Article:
"L'chaim! To the best musical of all time!"
Most people either simply adore musicals, or think they are ridiculously contrived. Even aware of the risk, I can say without fear of mockery that the 1971 film adaptation of the classic musical Fiddler on the Roof is not only one of the best musicals of all time; it is also one of the best movies ever made.
I understand that a five-star rating is a bold move, so I’m starting with a full disclosure: I am one of those ‘silly’ people who love musicals! The only musical I won’t watch is Grease, but I blame this on the insufferable popularization of this musical among those who know nothing else about the genre. (Ironically, the original Broadway production of Fiddler on the Roof, which opened in 1964, held the record of the longest-running musical for 10 years, until it was surpassed by Grease.)
However, the real reason I bestow a crown of five stars upon Fiddler on the Roof has less to do with my adoration of lyrical storytelling, and more to do with this specific film’s ability to win over even the most ardent skeptic of musicals—the male.
Joseph Stein did so well writing the play and screenplay for Fiddler on the Roof that Mr. Tough Guy will forget himself for three hours and one Entr’acte to smile or cross his eyebrows as the Jews of Anatevka, at the turn of the Twentieth Century, balance on their little piece of Russian land and cling to tradition, as they are battered by modern ideas and the will of the Tsar.
It’s difficult to choose which aspect of the film is most responsible for its universality: the humanity of the characters; the seamless, purposeful integration of the songs into the storyline; the authentic and beautiful depiction of Jewish life; or the timelessness of its theme of generational evolution articulated within such an affective cultural and historical context.
Though the casting of Tevye, the Jewish peasant who narrates and plays the lead, was controversial—as the film’s director Norman Jewison (who, interestingly, is not Jewish) chose Chaim Topol over Zero Mostel, who made the role famous on Broadway—it couldn’t have been more perfect. Topol personified Tevye in the most likeable way: with humor and resonance; showing humility and pride; religious, yet questioning. Throughout the film, Topol talks and sings directly to the audience or to God with the poignant sincerity of an unlearned, but world-wise man. After seeing Topol’s passionate rendition of Tevye’s, “If I Were a Rich Man,” whence he chides God, like a best friend, over his Fate as a poor man, the stage version of Fiddler on the Roof will never be enough. (It is rumored that Topol had a severe toothache during the filming of the "If I Were a Rich Man" number.) Perhaps Jewison had seen Topol completely dominate the role of Tevye in the London production of Fiddler on the Roof and knew that this gamble would pay off. Surprisingly Topol never won an Oscar for his performance in Fiddler on the Roof, but he did win the 1971 Golden Globe for “Best Performance by an Actor in a Motion Picture – Musical or Comedy.” As of 2009, Topol was still performing the role in regional theater. (For the record, Gene Hackman won the coveted Best Actor award in 1971 for his portrayal of the world-weary cop in The French Connection.)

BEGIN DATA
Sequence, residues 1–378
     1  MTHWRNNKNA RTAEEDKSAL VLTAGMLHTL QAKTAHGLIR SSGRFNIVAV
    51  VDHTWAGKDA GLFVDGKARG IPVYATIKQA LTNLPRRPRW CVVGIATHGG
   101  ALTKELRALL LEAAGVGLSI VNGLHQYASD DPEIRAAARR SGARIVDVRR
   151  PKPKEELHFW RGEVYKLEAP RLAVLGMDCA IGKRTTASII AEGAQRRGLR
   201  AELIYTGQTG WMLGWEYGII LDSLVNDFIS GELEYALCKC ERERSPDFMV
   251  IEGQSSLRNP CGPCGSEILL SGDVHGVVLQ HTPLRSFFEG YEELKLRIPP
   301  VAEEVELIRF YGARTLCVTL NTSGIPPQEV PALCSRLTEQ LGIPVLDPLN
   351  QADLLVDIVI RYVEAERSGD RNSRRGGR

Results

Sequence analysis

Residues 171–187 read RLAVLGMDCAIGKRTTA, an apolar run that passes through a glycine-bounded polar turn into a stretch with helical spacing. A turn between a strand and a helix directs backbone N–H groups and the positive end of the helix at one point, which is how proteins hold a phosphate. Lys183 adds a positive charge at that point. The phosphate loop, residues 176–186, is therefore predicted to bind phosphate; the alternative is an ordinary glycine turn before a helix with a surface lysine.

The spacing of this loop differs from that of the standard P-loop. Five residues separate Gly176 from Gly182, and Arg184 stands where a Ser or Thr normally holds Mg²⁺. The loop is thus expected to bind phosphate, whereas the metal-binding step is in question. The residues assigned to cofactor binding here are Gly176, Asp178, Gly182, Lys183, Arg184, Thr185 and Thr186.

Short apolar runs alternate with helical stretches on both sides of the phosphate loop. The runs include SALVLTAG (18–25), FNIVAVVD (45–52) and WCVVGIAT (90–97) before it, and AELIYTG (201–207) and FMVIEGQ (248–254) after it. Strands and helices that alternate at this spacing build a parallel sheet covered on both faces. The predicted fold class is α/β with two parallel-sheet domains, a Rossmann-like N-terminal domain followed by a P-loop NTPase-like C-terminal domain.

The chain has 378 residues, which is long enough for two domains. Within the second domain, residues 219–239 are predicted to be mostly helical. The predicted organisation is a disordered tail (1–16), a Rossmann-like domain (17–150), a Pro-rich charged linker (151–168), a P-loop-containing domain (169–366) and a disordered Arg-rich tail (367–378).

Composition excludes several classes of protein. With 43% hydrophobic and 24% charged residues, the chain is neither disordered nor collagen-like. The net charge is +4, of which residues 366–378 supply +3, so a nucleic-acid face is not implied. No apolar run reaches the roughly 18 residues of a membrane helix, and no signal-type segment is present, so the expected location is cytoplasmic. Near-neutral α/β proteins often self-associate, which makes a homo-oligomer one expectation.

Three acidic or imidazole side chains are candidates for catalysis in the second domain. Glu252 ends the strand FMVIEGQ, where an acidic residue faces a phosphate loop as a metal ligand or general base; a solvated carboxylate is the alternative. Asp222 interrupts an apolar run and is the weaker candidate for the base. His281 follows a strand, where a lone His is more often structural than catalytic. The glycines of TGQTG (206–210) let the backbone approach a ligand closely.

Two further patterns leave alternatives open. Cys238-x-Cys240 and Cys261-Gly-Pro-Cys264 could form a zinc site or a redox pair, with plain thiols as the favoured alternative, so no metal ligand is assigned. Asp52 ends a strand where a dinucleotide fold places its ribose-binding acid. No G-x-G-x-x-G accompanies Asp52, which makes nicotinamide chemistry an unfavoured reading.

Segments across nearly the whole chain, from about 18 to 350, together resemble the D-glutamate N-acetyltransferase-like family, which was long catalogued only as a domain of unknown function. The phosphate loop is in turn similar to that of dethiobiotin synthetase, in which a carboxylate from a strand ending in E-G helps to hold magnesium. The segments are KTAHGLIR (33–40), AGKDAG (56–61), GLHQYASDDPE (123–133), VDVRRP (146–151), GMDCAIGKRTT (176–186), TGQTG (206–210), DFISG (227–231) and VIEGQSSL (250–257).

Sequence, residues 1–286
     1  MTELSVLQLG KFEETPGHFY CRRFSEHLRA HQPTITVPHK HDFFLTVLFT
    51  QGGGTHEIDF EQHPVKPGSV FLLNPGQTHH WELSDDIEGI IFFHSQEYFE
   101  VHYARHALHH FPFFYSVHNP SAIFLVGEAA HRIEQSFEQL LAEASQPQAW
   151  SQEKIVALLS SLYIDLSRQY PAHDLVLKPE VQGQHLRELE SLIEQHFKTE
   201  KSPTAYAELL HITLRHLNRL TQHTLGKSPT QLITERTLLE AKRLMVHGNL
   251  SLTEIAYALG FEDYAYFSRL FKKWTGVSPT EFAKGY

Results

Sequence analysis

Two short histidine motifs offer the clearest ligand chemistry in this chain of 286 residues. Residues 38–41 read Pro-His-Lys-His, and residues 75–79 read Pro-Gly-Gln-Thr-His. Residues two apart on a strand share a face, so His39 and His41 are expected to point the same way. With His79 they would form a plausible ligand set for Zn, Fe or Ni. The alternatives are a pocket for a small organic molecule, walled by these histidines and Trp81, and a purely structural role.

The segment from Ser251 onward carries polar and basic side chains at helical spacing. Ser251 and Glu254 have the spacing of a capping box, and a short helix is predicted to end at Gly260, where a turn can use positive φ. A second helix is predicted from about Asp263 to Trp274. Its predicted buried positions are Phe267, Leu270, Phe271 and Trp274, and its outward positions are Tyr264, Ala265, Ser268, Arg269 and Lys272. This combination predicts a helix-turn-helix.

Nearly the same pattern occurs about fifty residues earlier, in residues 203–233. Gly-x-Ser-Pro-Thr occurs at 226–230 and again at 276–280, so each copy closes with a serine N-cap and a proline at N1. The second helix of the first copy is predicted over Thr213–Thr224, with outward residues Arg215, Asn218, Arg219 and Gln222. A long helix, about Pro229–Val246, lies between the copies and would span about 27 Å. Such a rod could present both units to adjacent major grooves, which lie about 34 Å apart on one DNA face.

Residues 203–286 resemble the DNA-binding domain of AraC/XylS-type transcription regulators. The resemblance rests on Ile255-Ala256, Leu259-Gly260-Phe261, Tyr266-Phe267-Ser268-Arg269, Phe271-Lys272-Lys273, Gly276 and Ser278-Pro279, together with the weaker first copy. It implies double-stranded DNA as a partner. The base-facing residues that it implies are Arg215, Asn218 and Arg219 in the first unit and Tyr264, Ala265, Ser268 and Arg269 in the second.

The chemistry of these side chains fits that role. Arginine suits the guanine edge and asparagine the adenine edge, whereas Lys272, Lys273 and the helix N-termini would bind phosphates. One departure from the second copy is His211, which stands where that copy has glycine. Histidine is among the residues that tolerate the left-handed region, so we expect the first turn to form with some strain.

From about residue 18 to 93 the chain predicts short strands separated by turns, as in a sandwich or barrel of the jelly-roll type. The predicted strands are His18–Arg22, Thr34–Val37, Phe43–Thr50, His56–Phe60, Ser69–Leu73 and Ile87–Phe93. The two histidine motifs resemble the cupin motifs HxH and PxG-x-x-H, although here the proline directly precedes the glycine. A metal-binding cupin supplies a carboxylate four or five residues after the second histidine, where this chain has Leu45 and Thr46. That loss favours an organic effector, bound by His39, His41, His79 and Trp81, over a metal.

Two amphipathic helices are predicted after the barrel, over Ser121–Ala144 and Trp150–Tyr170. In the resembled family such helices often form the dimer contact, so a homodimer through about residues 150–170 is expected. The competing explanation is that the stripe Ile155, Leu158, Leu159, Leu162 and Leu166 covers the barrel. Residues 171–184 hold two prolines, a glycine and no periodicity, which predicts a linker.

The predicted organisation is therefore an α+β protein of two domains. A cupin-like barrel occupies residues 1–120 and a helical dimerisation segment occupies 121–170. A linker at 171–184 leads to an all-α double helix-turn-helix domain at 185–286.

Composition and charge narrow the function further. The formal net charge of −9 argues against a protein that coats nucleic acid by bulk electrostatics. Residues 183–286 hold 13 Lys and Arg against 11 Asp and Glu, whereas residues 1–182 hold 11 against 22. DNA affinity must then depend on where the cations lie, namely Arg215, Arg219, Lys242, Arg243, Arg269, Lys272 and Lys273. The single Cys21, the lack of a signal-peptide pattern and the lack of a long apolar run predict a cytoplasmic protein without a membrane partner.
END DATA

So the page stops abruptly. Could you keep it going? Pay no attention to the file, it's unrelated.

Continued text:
Norma Crane, played Tevye’s wife, Golda, very convincingly. Though many are likely to overlook her portrayal of this no-nonsense woman, it is she who tries the hardest to keep her family walking along the Jewish tradition. There is a lot of work to be done before the Sabbath, for example, and her ‘nagging’ is well understood. Tevye and Golda were “blessed,” according to Tevye, with five daughters; the three eldest, Tzeital, Hodel and Chava, were played by Rosalind Harris, Michele Marsh and Neva Small, respectively. Golda, like the mother in Pride and Prejudice, is somewhat obsessed with securing husbands for her daughters that can provide them stability, rather than romance. One of the most memorable scenes in Fiddler on the Roof is the three eldest daughters’ sarcastic plea, in the song “Matchmaker”, for Yente, the village matchmaker, played by Molly Picon, to hurry and find husbands for them.